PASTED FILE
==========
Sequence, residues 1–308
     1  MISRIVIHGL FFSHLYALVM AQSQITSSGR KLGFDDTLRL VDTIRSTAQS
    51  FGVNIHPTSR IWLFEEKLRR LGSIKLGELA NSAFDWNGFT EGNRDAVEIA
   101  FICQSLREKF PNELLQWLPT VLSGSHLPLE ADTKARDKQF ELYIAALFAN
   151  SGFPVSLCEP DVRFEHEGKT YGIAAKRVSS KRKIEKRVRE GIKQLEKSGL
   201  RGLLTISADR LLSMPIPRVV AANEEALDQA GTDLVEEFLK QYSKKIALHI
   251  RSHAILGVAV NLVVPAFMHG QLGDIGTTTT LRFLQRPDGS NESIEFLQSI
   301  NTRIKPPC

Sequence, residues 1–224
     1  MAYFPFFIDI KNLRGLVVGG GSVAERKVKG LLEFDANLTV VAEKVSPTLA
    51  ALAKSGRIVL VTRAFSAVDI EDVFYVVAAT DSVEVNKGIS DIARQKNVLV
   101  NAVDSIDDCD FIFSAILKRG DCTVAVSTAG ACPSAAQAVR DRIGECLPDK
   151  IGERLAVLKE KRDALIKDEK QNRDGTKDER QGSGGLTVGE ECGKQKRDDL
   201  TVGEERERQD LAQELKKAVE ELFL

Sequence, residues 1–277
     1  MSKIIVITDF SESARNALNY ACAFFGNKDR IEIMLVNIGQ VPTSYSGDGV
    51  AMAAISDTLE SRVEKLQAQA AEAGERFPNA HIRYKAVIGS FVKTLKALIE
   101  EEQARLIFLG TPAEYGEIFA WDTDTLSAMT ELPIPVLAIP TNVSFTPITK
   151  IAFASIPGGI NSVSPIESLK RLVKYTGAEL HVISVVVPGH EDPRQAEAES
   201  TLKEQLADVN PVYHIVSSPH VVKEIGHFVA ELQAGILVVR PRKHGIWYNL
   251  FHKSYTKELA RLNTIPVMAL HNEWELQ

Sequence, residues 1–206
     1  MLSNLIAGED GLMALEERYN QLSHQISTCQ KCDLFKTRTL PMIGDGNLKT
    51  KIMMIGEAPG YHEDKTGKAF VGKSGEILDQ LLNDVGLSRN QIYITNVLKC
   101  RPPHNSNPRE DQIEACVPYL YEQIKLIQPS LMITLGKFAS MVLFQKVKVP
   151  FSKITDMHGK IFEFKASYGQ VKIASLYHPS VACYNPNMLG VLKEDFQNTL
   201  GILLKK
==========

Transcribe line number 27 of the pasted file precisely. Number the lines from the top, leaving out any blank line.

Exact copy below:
   201  GILLKK